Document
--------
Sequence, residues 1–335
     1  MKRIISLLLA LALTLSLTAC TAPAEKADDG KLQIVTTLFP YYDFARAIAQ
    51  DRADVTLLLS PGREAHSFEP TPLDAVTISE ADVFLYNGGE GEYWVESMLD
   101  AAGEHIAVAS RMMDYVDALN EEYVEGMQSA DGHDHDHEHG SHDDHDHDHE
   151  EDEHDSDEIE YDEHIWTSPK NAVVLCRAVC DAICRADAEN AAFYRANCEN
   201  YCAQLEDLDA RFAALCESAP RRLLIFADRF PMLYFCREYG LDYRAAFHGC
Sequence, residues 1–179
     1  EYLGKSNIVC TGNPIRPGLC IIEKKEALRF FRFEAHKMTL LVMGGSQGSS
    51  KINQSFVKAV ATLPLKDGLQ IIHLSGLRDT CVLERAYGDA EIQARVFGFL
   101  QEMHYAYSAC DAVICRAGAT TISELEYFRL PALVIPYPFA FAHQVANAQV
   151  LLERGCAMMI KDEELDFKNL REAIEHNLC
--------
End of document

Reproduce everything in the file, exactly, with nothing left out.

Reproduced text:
Sequence, residues 1–335
     1  MKRIISLLLA LALTLSLTAC TAPAEKADDG KLQIVTTLFP YYDFARAIAQ
    51  DRADVTLLLS PGREAHSFEP TPLDAVTISE ADVFLYNGGE GEYWVESMLD
   101  AAGEHIAVAS RMMDYVDALN EEYVEGMQSA DGHDHDHEHG SHDDHDHDHE
   151  EDEHDSDEIE YDEHIWTSPK NAVVLCRAVC DAICRADAEN AAFYRANCEN
   201  YCAQLEDLDA RFAALCESAP RRLLIFADRF PMLYFCREYG LDYRAAFHGC
Sequence, residues 1–179
     1  EYLGKSNIVC TGNPIRPGLC IIEKKEALRF FRFEAHKMTL LVMGGSQGSS
    51  KINQSFVKAV ATLPLKDGLQ IIHLSGLRDT CVLERAYGDA EIQARVFGFL
   101  QEMHYAYSAC DAVICRAGAT TISELEYFRL PALVIPYPFA FAHQVANAQV
   151  LLERGCAMMI KDEELDFKNL REAIEHNLC